Young Torontonians can’t afford to live here any more. We spoke to three to find out where their money goes — and why they’ll likely have to leave

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Stephanie Bertolo knows she is one of the lucky ones.

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At 25, she’s got a master’s degree under her belt, debt-free thanks in no small part to help from her parents.

Yet with an annual income of $62,000, “it’s a bit shocking,” she said, how much of her monthly income goes toward her essential costs of living in the city she loves.


Bertolo, who works in housing policy, is well aware that she is spending more than the recommended 30 percent of her monthly income to rent out her Toronto apartment, which is $1,550 a month at a pandemic discount. .

Then there’s food, which took a portion of her income, before a recent surge due to supply chain issues and climate change.

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Bertolo has been able to save about $500 a month, but she’s not sure what she’s saving for. He’s done the math on buying a condo, and it doesn’t seem attainable.

“I think I’m saving to be able to eventually, but I don’t see that happening anywhere in the near future,” she said. “And I guess if I did, I’d have to have a partner.”

This is a disappointing feeling for Bartolo. This is shocking too.

“I’m the only person who recently graduated, and my income is like the average income of Canadians,” Bertolo said. “But it’s really hard to imagine that I’d be able to feed a family of four on my own income, and save up and rent a big apartment.”

According to the Canada Mortgage and Housing Corporation, over the past two decades, between 2000 and 2020, the average monthly rent for a two-bedroom apartment in Toronto has increased from $979 to $1,637.

Food intake is also increasing continuously. Average prices for some common foods have doubled or tripled in the past two decades. Experts say that food prices will increase sharply in 2022.


In that time too, the price of gas in Toronto has more than doubled; Although it has seen highs and lows over the years, it is rising again, to 145.30 in October 2021, from 100.70 in October 2020 according to Statistics Canada.

The grim reality is that Canadians – and Torontonians in particular – are spending more on essentials; Even though prices have gone up, income has not.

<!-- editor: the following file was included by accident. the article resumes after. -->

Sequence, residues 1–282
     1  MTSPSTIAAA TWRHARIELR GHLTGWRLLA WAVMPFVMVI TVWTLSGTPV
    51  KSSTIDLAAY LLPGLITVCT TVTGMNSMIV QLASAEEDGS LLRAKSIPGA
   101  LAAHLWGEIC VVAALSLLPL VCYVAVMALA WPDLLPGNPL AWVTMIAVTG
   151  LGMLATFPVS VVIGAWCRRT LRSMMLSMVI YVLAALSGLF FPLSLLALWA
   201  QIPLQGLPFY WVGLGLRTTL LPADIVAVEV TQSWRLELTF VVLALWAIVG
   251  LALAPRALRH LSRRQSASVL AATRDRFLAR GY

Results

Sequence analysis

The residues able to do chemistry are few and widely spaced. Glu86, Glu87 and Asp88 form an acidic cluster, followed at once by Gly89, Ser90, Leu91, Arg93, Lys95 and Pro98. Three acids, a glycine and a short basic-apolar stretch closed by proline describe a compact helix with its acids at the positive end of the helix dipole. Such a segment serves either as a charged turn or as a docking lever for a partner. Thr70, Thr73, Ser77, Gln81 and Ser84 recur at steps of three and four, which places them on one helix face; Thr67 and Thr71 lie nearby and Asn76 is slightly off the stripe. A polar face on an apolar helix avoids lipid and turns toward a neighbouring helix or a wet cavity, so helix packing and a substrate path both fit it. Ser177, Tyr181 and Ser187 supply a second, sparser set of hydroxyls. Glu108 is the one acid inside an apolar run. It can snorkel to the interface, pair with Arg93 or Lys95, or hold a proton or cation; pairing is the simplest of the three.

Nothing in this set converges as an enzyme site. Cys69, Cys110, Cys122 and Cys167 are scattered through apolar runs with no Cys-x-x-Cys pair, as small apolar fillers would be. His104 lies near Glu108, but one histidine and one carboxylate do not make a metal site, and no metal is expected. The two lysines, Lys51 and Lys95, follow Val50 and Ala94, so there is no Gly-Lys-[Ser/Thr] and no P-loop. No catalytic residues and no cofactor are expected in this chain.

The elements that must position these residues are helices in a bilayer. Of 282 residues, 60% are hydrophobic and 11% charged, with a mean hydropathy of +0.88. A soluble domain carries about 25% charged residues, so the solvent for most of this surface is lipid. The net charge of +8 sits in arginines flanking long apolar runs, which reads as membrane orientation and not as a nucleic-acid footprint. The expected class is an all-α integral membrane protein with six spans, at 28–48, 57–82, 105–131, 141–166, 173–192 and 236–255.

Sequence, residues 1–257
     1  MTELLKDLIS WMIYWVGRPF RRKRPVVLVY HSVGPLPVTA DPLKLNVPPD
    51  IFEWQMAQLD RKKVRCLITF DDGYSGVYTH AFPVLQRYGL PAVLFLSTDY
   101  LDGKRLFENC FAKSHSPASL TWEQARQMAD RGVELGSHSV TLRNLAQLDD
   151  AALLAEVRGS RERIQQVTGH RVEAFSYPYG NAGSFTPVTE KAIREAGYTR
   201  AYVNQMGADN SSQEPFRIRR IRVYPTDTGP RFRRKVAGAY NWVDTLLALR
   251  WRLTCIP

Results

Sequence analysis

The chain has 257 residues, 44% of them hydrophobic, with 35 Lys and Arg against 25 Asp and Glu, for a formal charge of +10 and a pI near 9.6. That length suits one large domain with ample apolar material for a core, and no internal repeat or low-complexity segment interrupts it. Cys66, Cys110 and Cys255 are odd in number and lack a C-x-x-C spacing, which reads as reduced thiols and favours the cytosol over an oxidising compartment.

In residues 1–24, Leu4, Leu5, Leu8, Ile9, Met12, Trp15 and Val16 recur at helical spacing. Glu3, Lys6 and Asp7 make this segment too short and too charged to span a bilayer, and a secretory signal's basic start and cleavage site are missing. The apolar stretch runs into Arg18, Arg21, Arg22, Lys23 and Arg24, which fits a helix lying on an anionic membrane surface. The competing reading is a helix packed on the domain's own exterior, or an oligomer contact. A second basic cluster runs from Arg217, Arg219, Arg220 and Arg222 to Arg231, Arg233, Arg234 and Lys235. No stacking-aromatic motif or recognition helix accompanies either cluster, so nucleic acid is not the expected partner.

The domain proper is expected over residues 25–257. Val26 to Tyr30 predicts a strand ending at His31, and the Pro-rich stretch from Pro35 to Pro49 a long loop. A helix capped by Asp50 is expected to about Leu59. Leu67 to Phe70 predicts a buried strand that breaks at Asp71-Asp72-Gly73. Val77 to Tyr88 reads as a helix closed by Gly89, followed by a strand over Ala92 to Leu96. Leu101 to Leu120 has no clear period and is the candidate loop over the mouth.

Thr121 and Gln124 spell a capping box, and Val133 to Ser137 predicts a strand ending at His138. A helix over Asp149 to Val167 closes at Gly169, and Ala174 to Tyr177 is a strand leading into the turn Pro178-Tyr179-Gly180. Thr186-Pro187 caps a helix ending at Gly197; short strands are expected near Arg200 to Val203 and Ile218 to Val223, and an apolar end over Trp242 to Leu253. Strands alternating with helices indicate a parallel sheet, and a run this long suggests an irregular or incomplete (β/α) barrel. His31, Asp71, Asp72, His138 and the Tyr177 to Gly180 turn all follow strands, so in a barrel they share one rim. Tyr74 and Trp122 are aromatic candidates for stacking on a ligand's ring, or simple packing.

In 2019, the median personal income of Canadians aged 25 to 54 increased by nearly 20 percent In For the past two decades - $58,400 - according to Statistics Canada. Median income also increased by almost 20 percent to $48,200.

In Toronto, however, both median and median personal incomes have remained stable, increasing by only one percent and 2.6 percent over that time, to $60,300 and $46,400, respectively.

For young professionals like Bartolo, rising costs and stagnant incomes mean a difficult decision lies ahead: leave the city they love or face the prospect of not being able to save enough to own a home. We do.

"The outlook for new homebuyers is not particularly bright," said a November report from the National Bank of Canada, which found that housing capacity in Canada deteriorated over the past 12 months at the fastest pace of the decade. , as measured by the mortgage payment. A percentage of income.

Royal Bank of Canada's Housing Affordability Measure tracks the percentage of average pre-tax household income required to purchase a home at average market value, including mortgages, property taxes and utilities. The higher the percentage, the less affordable the housing.

For single-detached homes in the Greater Toronto Area, this percentage has been around 70 percent since mid-2016. This compares to about 50 percent currently in Canada and less than 50 percent in GTA between 1995 and 2005.

According to the Toronto Regional Real Estate Board, between October 2020 and October 2021 alone, the average sale price for a home in the GTA -- including townhomes and condos -- rose 19.3 percent to $1,155,345.

According to the National Bank report, in Toronto, a person would need to earn over $200,000 per year to buy the average home, and would need to save for 330 months to make that purchase.


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